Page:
Dinas Bran Castle

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Dinas Bran Castle
Castell Dinas Brân

Castell Dinas Brân

Alternative name (s): Castell Dinas Bran
Creation time : 13th Century
Castle type : Hilltop castle
Conservation status: ruin
Geographical location 52 ° 58 '45.1 "  N , 3 ° 9' 21.4"  W Coordinates: 52 ° 58 '45.1 "  N , 3 ° 9' 21.4"  W.
Dinas Bran Castle (Wales)
Dinas Bran Castle

Dinas Bran Castle (Welsh Castell Dinas Brân ) is a ruin near Llangollen in Denbighshire in Wales . The ruin, protected as a Scheduled Monument , is located on a free-standing mountain that towers over 220 m above the Dee .


Over 3000 years ago, an Iron Age hill fort was built on the steep mountain .

There is no archaeological evidence that there was already a Welsh or Norman castle on the steep hill in the 10th or 11th century. The preserved walls were built around 1260 by Gruffydd Maelor ap Madog , a prince of Powys Fadog . According to some sources, his father Madog ap Gruffydd Maelor began building the castle around 1230, but there is no evidence of this. In 1270 a meeting of the sons of Gruffydd Maelor ap Madog took place in the castle, at which they agreed on the division of the kingdom of their father and their mother Emma Audley awarded the area of ​​Maelor Saesneg as a widow's seat. Maelor and the castle went to the eldest son Madog ap Gruffydd . During the war between Llywelyn ap Gruffydd and the English King Edward I , the castle was burned down by the occupation in May 1277 before it could be conquered by English troops under Henry de Lacy, 3rd Earl of Lincoln . Henry de Lacy recommended rebuilding the strong fortifications, but the king rejected it. The ruins fell after the war to the new rulership of Bromfield, which was given to John de Warenne, 6th Earl of Surrey . Instead of Dinas Bran, he expanded his castle in Holt , so that Dinas Bran was abandoned and fell into disrepair. As early as the 16th century, John Leland described them as completely dilapidated. In the 18th and 19th centuries, the romantically situated ruin served as a motif for painters such as Wilson and Turner and as a subject for poets such as Wordsworth .

Today the ruin is freely accessible; access is via a steep, longer footpath.

Castle grounds


The ruins are located on a rectangular plateau that was probably artificially leveled. The plateau slopes steeply on all sides, especially on the north side.

The area of ​​the Iron Age fort, which is over 3000 years old, is around 1.5 hectares in size and enclosed by a rampart and moat, only on the steeply sloping north side the rampart was not built. The wall is still clearly visible, especially on the west and south sides, and is up to eight meters high. Access was through a gate secured by a flanking wall at the southwest corner of the fort.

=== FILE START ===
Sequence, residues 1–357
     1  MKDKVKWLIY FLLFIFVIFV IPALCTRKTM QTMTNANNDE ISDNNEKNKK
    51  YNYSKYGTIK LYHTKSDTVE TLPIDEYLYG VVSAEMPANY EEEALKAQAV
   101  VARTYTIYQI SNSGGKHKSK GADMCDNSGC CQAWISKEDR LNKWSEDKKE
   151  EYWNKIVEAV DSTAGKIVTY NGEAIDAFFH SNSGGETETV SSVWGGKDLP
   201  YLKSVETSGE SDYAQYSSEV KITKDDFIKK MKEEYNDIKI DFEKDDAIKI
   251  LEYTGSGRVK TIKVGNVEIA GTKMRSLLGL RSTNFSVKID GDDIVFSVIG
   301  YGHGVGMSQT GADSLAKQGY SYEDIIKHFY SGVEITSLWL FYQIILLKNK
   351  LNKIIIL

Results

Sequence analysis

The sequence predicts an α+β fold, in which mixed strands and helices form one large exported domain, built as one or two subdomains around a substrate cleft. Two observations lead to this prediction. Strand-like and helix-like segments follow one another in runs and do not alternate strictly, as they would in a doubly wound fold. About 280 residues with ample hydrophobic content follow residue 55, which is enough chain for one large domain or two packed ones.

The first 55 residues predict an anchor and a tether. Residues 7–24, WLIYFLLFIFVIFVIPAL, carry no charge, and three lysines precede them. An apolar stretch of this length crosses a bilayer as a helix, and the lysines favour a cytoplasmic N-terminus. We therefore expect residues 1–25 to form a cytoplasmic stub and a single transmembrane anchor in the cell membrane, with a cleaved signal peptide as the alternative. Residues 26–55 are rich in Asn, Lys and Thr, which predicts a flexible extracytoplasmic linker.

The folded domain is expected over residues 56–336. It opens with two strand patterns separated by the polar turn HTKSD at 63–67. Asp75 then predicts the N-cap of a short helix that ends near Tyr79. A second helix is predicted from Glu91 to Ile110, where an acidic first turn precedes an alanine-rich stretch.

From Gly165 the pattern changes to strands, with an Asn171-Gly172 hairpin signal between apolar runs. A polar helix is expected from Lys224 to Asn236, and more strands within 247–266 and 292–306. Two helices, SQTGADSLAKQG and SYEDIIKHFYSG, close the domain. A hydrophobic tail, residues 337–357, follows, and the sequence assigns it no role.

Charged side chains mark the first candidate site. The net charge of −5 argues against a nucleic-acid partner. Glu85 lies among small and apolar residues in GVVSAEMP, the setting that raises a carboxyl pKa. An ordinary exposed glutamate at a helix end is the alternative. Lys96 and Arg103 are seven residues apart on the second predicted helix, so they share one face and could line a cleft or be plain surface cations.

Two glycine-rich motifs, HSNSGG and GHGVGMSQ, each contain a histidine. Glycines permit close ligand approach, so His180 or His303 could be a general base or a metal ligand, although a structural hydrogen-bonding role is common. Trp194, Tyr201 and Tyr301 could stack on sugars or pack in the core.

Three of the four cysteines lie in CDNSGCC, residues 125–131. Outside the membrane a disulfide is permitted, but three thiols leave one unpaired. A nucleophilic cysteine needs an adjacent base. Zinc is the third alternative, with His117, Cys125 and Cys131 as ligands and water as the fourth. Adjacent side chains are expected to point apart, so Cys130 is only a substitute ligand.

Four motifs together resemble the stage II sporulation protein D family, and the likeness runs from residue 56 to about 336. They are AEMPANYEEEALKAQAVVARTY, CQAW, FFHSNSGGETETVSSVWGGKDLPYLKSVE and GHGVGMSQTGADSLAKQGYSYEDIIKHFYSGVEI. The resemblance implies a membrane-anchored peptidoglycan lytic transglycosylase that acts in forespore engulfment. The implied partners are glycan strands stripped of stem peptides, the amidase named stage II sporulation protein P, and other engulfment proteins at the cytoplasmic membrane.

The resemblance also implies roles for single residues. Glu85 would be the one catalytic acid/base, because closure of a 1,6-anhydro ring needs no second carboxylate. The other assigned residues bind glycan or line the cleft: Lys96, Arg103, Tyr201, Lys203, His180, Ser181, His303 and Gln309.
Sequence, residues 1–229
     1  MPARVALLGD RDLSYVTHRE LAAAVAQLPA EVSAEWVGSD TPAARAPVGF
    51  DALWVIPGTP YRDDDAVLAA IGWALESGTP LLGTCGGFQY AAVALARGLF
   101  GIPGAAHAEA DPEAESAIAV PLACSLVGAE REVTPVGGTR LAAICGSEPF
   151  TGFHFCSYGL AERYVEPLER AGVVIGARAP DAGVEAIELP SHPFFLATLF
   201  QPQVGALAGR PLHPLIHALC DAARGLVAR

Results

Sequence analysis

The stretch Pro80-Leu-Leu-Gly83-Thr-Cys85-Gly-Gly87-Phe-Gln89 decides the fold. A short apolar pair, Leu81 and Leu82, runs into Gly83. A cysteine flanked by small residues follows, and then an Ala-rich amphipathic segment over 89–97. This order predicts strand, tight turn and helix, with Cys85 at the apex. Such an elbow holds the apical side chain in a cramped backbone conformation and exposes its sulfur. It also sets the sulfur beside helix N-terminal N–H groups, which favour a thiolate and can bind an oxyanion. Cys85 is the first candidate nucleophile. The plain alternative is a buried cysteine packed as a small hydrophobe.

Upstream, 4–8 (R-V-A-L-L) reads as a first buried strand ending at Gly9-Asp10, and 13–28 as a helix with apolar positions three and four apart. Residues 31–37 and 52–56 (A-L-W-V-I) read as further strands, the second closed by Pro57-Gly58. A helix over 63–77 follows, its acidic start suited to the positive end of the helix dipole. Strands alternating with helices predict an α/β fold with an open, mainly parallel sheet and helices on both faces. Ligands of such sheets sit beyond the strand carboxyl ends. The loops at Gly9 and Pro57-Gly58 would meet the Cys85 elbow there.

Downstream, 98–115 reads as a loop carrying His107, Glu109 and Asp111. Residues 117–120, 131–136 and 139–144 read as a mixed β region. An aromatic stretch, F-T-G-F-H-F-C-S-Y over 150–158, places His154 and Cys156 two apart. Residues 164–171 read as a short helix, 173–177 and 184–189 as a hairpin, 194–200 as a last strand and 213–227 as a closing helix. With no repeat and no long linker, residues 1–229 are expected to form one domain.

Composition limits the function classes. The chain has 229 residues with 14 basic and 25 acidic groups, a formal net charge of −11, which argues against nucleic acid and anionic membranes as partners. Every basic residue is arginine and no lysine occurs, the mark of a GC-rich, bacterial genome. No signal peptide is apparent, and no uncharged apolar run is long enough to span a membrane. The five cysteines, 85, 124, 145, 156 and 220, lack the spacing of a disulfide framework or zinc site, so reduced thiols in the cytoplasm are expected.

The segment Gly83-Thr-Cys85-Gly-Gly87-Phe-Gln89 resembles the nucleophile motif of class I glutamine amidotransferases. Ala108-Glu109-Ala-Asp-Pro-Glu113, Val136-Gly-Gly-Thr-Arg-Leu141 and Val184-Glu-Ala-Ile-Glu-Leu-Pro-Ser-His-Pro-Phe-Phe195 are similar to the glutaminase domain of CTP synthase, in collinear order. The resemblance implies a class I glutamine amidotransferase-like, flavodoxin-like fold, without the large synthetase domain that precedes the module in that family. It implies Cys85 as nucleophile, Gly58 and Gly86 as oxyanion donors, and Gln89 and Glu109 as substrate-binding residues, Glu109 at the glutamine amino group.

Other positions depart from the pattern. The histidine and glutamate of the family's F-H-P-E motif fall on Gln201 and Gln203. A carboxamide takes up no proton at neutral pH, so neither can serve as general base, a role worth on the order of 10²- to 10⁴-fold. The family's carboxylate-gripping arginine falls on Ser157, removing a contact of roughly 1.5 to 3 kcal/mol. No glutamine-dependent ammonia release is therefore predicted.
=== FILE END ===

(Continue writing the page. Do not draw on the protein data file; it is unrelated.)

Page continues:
The medieval castle, unlike contemporary English castles, was simply laid out. The rectangular facility was over 90 m long and almost 40 m wide. A stone ring wall enclosed an inner courtyard, the south and east sides were additionally protected by a deep ditch carved into the rock. Access was through a gatehouse protected by two towers, of which only the foundations have been preserved, on the northeast side of the castle. This makes Dinas Bran next to Criccieth Castle , the residence of Llywelyn ap Gruffydd, the only castle built by Welsh princes that was protected by a gatehouse. The gatehouse, however, was much smaller and simpler than the gatehouses of contemporary English castles. The square keep bordered directly to the south of the gatehouse , of which the western and part of the southern outer wall has been preserved. The only access to the keep was on the upper floor. The living hall and probably also the chapel were on the south side of the castle. To the west of the hall was a D-shaped tower that protruded from the curtain wall and is now the best preserved part of the ruin.

The castle in legend

According to legend, the castle was built by Brân , a mythical giant who is also associated with the Holy Grail .


  • Dinas Brân Castle , Dr. Charles Kightly, 2003 published by Denbighshire County Council.

Web links

Commons : Castell Dinas Brân  - Collection of images, videos and audio files

Individual evidence

  1. Ancient Monuments: Castell Dinas Bran. Retrieved November 8, 2013 .
  2. ^ Adrian Pettifer: Welsh castles. A guide by counties . Boydell & Brewer, Woodbridge 2000, ISBN 978-0-85115-778-8 , p. 59
  3. Llangollen: Castell Dinas Brân. (No longer available online.) Archived from the original on November 5, 2013 ; Retrieved November 8, 2013 . Info: The archive link was inserted automatically and has not yet been checked. Please check the original and archive link according to the instructions and then remove this notice. @1@ 2Template: Webachiv / IABot / www.llangollen.org.uk